Wilshire Boulevard in Los Angeles was covered with a sea of white T-shirts signifying peace and unity May 1, while American flags were held in the air, showing the desire of many people wanting to be a part of the American society.
“We want to embrace this country,” said a demonstrator with a loud and clear voice. “Open the doors for us and you will be proud.”
“I would not put myself into so many dangerous situations and would not take the risk of losing my life if I had a good and a reasonable way of living and surviving back in my own country,” said Lucia Alvarado, 38, who came to America from Mexico, crossing the San Diego border when she was 16.
Alvarado came to the United States in 1984 and was arrested while crossing the border. She spent three days in jail. She does not recall the name of the jail, but she describes her experience as “sad and hard as [one] could imagine.”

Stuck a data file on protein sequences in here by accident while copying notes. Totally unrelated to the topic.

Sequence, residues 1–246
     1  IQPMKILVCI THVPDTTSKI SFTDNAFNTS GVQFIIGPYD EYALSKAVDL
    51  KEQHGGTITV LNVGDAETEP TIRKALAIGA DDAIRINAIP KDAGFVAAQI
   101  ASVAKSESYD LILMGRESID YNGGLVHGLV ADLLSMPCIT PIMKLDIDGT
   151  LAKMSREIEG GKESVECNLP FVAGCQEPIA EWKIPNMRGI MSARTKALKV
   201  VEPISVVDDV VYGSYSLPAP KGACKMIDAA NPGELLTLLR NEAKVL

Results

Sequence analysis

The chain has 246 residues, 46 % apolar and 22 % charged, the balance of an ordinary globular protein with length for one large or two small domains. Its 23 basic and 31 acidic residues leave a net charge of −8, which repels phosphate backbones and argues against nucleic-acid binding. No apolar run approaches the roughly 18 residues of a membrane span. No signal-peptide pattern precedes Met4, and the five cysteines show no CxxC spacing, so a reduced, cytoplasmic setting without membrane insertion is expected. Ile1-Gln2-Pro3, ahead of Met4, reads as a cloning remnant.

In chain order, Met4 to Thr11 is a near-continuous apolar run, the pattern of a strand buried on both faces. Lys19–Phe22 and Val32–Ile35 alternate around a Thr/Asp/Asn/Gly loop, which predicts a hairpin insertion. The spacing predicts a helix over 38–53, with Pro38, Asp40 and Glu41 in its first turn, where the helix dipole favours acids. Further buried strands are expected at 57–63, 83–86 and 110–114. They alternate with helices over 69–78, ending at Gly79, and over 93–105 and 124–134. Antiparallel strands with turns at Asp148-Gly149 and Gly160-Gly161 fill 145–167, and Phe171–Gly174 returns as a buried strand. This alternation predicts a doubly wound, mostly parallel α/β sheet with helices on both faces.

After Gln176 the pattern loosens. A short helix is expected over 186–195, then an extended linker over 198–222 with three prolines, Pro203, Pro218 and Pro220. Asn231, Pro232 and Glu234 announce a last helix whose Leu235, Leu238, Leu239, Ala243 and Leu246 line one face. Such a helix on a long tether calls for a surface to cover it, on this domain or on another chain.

Alvarado explained that most people have never endured such hardships that most immigrants have had. “I’m sure they would’ve done the same thing (immigrating to the neighbor countries) if they didn’t have enough food or a reasonable living condition.”
The demonstration affected many businesses, as many immigrants refused to work or buy anything. Yesenia Servantes, 14, from Mexico said, “We want to show how important the immigrants are in this country’s economy.”
Education is another important issue brought up by many immigrants. Griselda Gomez is a GCC student who participated in the demonstration, considering education to be a huge issue for the Latino community.